I have been feeling…not great about some of my readings recently, and would like to revisit the meanings of the major and minor arcana cards. Most of these will be pulled from Holistic Tarot (Benebell Wen), but not all.
This is an overview the bits that I forgot, overlooked, or hadn’t considered. Not all of the basics will be covered.
I usually think of the Fool as new adventures, new beginnings, “leap of faith”, “jumping into the void”, or acting foolishly. I had no awareness of the elemental or planetary correspondences. I would have associated the Fool with Mercury, if asked.
first law of motion: an object at rest / in motion will stay in rest / in motion, unless an external force is applied
The Magician Reversed
I associate the Magician with manifestation, acting from a place of empowerment, and ritual magick. The association with yin instead of yang threw me, as did the association with earth. I always thought of the Magician as a fiery and dynamic card, full of creativity and personal power; one who harnesses their power to manifest their will into reality.
I wasn’t aware that the Magician is linked to Strength, via the red and white robes, red roses, and lemniscate. I also was not aware (or forgot) that Magician’s belt is an orobous, representing his affinity with the universal unconscious.
accomplished woman in a male-dominated institution
The High Priestess Reversed
detachment from collective unconscious
sexual or psychic exploitation
untapped potential for sexual attraction or intuition
I tend to focus on the liminal and intuitive associations, forgoing the associations with secrecy and deceit. The pomegranates behind the High Priestess are also present in the Empress Card, reminding me of Persephone and Demeter (although Demeter is more associated with poppies). Wen attributes them to the passion of Christ and to fertility, love, marriage, and wisdom.
On the first two cards, interesting attributions. The 22 Trump cards are in a way the building blocks of the universe, matching the 22 Paths of the Qabalistic Tree of Life. So, there is one card for each of the 7 classical Planets, 3 cards attributed singly to 3 of the 4 elements (there is one card that has assigned to it both a Planet and an element, completing it), 12 cards for each of 12 Zodiac Signs.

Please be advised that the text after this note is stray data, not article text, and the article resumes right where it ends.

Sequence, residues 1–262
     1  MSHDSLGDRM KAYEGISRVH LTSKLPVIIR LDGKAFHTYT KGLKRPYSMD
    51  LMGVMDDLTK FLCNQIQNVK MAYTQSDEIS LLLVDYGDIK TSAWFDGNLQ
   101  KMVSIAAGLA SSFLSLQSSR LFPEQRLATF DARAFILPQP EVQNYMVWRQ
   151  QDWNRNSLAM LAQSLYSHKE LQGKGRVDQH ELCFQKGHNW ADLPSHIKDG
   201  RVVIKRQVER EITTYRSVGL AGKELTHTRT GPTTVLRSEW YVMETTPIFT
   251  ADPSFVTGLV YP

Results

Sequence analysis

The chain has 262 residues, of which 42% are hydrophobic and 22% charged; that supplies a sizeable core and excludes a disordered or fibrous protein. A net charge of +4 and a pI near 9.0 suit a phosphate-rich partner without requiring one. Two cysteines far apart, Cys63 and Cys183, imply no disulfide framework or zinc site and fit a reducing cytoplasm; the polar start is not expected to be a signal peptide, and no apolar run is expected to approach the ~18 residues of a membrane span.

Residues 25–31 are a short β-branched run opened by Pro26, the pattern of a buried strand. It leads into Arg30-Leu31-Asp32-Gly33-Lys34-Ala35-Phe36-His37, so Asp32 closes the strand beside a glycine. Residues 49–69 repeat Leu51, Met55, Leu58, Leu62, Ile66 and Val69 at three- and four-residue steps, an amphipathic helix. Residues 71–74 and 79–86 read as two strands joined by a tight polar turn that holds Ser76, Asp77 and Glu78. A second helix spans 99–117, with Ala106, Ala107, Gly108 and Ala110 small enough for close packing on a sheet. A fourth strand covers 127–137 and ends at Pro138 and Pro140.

The Fool represents that primal state of the universe, where there was emptiness, but things started springing forth into being. With that, The Fool is all the cards, representing that divine state of unity, before everything starting descending down to the different spheres. Primal unity, in a sense.
For The Magus, I understand why the author attributed Earth to it, because Mercury’s own nature is Cold and Dry (And so, Earthly), according to William Lilly. Although, among elements, he rules over Water.
But the Elemental Trump of Earth is The World/The Universe.
“The Magician’s correspondence to the planet Mercury, which, per Western astrological associations, is governed by the element Earth, is what grounds the card in yin. Moreover, per Eastern astrological associations, Mercury is associated with the element Water which is yin.”
She also writes that the Empress’s association with Venus gives her governance over Taurus, Virgo, and Capricorn. Which confused me greatly. But I am limited to a modern astrological perspective.
Very fascinating regarding the Eastern astrological association. As I said, in traditional Western astrology, Mercury’s Nature is Earthly, but he rules over Water. So, there is an interesting similarity there!
Regarding the reference, if she means that Mercury is traditionally governed by Earth, that is wrong. It is traditionally the Planets who rule over the Elements, not the other way around.
That is extremely confusing, but I think the author may have mistaken Venus’ Triplicity (She rules over the Earthly and Watery Triplicity by Day, according to the Dorothean Triplicity, otherwise only the Earthly Triplicity by Day, according to William Lilly) for Sign Rulership.